As you look back over your life, you realize just how much your parents’ support has meant to you. They were there as you took your first faltering baby steps, they supported you with advice and encouragement as you navigated adolescence, and, even as you ventured into adulthood, you knew your parents would be there to help you face life’s unending questions and challenges.
Years later, the roles are reversing. You watch your parents’ steps become unsteady, and you realize that they need help facing their own questions and challenges. You want to help your mom and dad age gracefully, and that means knowing how to meet their needs while helping them remain as independent as possible. It can be a tricky balance to strike, and planning ahead is essential.
If your parents have accumulated substantial assets over their lifetimes, they’ll likely need to do some tax planning. Planning ahead will enable your parents to pass on as much of their estate as possible to family, friends, and charity rather than having their wealth eaten up by estate taxes.
For those who don’t have significant wealth, Medicaid planning is a key concern. Without advance planning, nursing home care or assisted living costs could drain your parents’ savings, leaving them with a very low quality of life. Planning at least five years ahead can make all the difference. It can help your Mom and Dad qualify for Medicaid coverage and still have money to pay for a few of life’s pleasures – and maybe even allow them to leave a little behind for their children or grandchildren. Medicaid planning may even save the family home.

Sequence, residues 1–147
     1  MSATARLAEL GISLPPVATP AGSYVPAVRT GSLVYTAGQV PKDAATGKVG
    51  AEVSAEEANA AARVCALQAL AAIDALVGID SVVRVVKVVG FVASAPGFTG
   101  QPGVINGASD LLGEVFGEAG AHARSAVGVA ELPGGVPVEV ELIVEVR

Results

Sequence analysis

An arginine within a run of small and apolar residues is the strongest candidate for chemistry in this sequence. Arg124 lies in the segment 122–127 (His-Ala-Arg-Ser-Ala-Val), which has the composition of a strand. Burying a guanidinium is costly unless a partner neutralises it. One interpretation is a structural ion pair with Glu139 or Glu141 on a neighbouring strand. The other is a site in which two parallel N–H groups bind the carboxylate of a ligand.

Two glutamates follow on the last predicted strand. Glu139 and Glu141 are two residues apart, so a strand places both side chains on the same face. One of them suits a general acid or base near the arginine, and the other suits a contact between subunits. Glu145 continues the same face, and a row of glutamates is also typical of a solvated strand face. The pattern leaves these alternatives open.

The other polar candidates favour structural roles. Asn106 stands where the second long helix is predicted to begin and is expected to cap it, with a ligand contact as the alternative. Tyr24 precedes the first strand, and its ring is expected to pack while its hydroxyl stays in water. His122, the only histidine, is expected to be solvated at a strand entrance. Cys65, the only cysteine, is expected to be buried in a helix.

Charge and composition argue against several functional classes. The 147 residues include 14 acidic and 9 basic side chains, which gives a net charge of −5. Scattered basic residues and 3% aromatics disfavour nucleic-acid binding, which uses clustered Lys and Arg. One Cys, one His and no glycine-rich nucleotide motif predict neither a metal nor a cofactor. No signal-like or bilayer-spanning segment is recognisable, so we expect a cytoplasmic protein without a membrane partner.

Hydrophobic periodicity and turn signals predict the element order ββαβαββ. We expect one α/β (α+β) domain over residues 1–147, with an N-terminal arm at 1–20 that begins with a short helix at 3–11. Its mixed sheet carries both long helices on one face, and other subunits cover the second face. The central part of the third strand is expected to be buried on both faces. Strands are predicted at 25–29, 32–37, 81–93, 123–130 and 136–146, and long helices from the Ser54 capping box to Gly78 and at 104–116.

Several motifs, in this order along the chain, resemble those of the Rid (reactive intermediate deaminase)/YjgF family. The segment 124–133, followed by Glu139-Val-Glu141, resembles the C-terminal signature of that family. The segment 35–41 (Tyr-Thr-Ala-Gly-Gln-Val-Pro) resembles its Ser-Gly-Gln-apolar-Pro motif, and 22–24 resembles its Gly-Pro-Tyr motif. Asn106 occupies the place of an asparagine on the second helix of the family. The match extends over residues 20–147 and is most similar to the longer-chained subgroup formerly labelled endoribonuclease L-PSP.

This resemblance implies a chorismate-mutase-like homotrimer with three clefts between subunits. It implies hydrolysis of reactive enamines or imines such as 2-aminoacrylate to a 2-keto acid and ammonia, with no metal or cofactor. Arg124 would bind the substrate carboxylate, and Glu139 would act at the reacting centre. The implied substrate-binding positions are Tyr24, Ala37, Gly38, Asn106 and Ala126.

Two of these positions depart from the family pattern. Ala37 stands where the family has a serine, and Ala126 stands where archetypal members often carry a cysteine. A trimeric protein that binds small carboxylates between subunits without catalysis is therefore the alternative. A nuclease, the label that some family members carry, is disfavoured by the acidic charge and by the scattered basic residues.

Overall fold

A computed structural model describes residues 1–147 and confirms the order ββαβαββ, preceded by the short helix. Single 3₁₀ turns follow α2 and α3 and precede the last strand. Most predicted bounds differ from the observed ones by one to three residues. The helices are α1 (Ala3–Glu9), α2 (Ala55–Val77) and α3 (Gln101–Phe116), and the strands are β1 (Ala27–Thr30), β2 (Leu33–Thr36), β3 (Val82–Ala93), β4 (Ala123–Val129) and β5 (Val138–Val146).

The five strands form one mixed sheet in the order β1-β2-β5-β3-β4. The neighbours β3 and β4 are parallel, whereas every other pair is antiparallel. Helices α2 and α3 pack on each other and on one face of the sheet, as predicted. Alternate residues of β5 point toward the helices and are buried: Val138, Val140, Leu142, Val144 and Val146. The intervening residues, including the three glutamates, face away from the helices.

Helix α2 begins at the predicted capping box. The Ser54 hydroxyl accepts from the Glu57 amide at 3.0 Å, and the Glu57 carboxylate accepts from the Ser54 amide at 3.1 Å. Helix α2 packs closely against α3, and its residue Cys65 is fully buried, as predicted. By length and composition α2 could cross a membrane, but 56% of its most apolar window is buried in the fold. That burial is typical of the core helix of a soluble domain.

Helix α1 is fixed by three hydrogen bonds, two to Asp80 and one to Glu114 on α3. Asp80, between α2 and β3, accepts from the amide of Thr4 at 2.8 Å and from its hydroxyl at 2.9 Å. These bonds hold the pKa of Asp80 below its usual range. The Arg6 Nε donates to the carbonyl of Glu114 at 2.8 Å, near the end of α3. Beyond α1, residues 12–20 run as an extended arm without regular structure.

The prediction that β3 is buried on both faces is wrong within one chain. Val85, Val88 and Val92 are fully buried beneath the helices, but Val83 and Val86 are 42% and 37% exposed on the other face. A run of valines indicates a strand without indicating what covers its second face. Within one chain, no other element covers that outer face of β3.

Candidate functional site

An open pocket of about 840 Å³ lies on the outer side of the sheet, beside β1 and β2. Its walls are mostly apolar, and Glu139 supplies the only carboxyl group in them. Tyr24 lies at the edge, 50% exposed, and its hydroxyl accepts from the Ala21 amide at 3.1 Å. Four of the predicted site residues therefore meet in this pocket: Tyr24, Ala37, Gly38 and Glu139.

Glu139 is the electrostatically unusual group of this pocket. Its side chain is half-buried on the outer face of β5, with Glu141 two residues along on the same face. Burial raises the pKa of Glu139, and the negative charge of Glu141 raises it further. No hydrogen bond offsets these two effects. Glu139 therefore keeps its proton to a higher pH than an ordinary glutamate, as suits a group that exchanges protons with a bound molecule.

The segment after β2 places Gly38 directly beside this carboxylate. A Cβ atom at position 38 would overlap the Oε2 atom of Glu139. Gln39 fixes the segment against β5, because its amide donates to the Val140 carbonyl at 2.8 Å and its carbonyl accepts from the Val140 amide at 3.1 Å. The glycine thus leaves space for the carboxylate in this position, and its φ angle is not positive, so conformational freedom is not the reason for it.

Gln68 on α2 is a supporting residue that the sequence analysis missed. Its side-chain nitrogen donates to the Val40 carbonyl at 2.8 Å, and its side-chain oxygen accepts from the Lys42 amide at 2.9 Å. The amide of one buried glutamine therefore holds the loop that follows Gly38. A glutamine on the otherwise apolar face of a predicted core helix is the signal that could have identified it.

No matter what your parents’ financial situation is, a Revocable Living Trust can be a helpful planning strategy. Your parents can place their assets in the Trust and manage the Trust as long as they are healthy and capable. They can name you Successor Trustee so that if their health begins to decline, the framework will be in place for you to take the reins and manage their finances for them.
The beauty of this arrangement is its flexibility. If your parents only need a little help – for example, if they need you to take care of their bills for a few months while your mom recovers from surgery – the Trust lets you help out for a while and then transition control back to your parents. If, on the other hand, there’s a sudden and permanent need for you to take over, the framework is there for you to do so, immediately, and without the need for court intervention or permission.
These are just a few of the planning tools available to smooth the transition for you and your parents as they age.
By: The American Academy of Estate Planning Attorneys